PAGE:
Wednesday, October 31, 2012

07 Carving Wax Nº 1




I have been casting carving wax doll parts in moulage molds made over oil-clay doll figure parts. My recipe for making carving wax is a modified version of Jayne's carving wax recipe, which she modified from Martha Armstrong-Hand's carving wax recipe, described in Learning To Be A Doll Artist (1999).

Martha Armstrong-Hand's carving wax recipe is as follows:

9 parts paraffin
9 parts talc
1 parts beeswax
1 parts carnauba wax

The paraffin she used is not the soft canning paraffin, but the hard paraffin that has a melting temperature of 160 degrees Fahrenheit. The talc is a powdered fine grade that is sold through ceramic supply companies. The beeswax is bleached, and is obtained from candle supply companies. The carnauba wax is a very hard natural wax, and can also be obtained from candle supply companies.

Jayne's carving wax recipe is a modified version of Martha's recipe, and is as follows:

4.5 parts microcrystalline wax
4.5 parts paraffin
9 parts talc
1 part beeswax
1 part carnauba wax

There is another recipe that is very similar to the above recipe, that uses a Jacquard Batik Wax from DickBlick.Com, which consists of 50/50 paraffin wax and microcrystalline wax. This wax is used by Mothi at Just This and That blog.

My carving wax recipe is a modified version of JayneM's carving wax recipe, and is as follows:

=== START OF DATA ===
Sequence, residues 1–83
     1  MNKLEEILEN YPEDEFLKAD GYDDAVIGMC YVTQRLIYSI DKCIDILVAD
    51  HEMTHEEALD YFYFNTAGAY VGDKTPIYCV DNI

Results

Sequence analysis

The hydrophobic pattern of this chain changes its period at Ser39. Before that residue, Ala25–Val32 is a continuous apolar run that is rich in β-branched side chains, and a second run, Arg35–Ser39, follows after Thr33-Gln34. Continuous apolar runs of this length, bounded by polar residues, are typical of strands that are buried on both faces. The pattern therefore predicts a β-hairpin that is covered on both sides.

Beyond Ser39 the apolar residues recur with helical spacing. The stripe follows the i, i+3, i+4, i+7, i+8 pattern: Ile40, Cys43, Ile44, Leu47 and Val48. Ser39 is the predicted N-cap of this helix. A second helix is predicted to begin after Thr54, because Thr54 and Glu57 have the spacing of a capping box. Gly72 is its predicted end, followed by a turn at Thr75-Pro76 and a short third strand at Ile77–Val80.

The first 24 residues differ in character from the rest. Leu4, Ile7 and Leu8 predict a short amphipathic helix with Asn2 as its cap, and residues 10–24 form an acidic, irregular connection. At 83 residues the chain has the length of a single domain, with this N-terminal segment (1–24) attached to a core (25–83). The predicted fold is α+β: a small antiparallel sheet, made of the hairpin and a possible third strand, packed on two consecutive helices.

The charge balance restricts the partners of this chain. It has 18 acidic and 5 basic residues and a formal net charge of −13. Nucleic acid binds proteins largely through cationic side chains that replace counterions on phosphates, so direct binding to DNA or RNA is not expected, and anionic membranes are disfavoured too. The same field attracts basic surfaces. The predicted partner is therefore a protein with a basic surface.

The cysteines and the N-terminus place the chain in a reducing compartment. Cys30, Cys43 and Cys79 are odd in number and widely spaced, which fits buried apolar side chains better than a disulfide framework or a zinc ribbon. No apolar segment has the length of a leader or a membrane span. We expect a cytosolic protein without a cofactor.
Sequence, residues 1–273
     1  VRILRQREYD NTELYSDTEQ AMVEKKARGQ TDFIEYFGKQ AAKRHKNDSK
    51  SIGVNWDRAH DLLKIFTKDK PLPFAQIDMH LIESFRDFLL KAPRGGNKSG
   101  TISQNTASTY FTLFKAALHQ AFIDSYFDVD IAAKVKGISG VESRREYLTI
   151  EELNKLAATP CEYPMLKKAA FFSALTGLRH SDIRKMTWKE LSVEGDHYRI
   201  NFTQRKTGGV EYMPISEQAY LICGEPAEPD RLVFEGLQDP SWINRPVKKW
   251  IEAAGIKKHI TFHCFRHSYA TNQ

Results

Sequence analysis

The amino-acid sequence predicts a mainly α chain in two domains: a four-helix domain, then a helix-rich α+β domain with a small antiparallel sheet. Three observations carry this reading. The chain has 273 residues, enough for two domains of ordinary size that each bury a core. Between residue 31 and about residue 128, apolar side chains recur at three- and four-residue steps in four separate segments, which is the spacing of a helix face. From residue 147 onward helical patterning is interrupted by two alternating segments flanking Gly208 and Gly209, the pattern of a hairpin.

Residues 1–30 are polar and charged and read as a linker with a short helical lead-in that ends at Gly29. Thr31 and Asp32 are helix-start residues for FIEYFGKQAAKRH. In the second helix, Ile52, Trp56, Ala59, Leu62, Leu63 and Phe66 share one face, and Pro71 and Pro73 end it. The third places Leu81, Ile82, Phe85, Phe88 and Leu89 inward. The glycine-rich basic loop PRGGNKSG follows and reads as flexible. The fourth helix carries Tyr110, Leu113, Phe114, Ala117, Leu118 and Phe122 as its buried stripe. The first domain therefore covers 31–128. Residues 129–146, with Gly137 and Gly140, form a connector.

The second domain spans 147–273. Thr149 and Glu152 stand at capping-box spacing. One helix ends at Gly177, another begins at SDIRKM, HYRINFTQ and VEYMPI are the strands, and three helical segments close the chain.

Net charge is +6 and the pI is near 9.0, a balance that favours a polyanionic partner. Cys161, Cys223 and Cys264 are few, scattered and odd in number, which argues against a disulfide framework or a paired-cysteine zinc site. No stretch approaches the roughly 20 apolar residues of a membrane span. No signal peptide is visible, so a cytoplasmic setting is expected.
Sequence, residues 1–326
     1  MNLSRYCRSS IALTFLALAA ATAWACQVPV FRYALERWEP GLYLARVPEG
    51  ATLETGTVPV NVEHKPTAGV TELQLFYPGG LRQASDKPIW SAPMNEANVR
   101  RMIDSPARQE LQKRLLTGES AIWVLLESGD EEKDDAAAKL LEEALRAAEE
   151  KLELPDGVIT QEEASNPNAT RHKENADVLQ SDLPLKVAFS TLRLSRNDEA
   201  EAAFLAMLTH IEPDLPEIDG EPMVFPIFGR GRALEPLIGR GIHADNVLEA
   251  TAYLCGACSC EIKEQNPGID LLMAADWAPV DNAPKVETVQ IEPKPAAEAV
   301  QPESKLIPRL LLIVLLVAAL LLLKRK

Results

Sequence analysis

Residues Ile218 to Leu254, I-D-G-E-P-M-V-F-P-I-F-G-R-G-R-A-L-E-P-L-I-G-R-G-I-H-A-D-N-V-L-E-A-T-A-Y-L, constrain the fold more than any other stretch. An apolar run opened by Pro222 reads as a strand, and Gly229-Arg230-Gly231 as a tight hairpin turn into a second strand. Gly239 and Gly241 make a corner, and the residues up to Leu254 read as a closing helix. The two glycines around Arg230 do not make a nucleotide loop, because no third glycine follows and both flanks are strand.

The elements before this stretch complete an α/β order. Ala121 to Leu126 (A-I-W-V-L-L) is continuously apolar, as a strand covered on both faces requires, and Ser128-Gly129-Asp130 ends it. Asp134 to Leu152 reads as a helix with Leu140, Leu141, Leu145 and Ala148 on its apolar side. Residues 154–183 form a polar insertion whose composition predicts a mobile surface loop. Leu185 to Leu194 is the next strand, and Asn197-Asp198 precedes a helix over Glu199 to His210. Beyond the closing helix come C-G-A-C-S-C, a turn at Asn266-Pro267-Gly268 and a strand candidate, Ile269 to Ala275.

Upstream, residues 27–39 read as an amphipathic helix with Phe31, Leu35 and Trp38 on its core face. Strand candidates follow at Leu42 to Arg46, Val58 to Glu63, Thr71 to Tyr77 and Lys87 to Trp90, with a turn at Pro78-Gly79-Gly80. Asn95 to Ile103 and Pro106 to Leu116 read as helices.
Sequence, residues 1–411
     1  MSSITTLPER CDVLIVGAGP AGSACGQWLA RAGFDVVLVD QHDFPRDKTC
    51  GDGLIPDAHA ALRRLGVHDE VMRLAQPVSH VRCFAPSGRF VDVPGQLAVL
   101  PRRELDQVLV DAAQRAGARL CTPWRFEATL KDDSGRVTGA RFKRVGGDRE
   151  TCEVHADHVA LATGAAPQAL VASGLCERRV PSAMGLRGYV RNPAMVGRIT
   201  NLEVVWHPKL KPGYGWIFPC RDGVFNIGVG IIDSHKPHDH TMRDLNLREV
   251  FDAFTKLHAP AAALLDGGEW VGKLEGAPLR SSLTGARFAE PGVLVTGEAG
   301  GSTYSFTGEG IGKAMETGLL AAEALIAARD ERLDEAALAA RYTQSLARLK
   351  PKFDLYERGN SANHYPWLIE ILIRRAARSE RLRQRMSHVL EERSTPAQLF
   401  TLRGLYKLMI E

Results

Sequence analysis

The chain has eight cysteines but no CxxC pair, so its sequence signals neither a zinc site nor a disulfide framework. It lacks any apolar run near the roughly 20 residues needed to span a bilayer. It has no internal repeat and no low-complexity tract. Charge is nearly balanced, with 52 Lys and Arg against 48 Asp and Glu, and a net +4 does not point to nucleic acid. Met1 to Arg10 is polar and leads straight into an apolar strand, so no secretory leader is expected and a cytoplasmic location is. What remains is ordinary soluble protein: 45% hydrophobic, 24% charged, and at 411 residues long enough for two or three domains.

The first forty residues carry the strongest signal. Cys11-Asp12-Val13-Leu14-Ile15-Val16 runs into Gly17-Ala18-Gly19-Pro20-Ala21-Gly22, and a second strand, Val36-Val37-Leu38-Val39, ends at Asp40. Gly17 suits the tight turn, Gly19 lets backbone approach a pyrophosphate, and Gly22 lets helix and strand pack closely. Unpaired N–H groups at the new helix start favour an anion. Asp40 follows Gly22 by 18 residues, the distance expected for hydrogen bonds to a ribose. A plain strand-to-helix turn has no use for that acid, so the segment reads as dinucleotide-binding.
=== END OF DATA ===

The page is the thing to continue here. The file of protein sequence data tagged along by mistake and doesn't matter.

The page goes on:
1 part brown microcrystalline wax (Victory Brown)
1 part paraffin
2 parts talc (Baby Powder Talc)

I used what I had on-hand in my studio. I did not want to order a 25 pound bag of industrial talc, so I found some 14 ounce containers of Baby Talc at a local Dollar Tree store for $1.00 (plus tax). Since the containers of Baby Powder Talc weighed 14 ounces each, I used that as 1 part. Click on any image to enlarge it.






This is the Baby Powder Talc that I found at the Dollar Tree store. The listed ingredients are: Talc, Fragrance. My carving wax smells like a freshly dusted baby's bum.






The Victory Brown microcrystalline wax gives my carving wax a deep, rich tan color when mixed with the paraffin and talc.






I melt the waxes first, then I add the talc. I stir all the ingredients thoroughly.






A meat thermometer may be used to check that the wax does not get too hot when it is melting.






The melted, and stirred carving wax, ready to be poured.






If I am making carving wax ahead of time, I like to pour it into a water saturated plaster mold.






The carving wax will solidify in the water saturated plaster mold, but because wax and water do not mix, the wax can be removed from the mold once it has cooled down and set up.






When the carving wax has set up, but while it is still soft, I use a knife to score it, so it can be broken up into smaller chunks for melting again. Carving wax is reusable. I will be able to reuse this carving wax for the rest of my sculpting life. Carving wax is an intermediate sculpture material. It is used for designing the jointing, as well as to refine the doll parts to a high finish for use as patterns or models for making the final molds.






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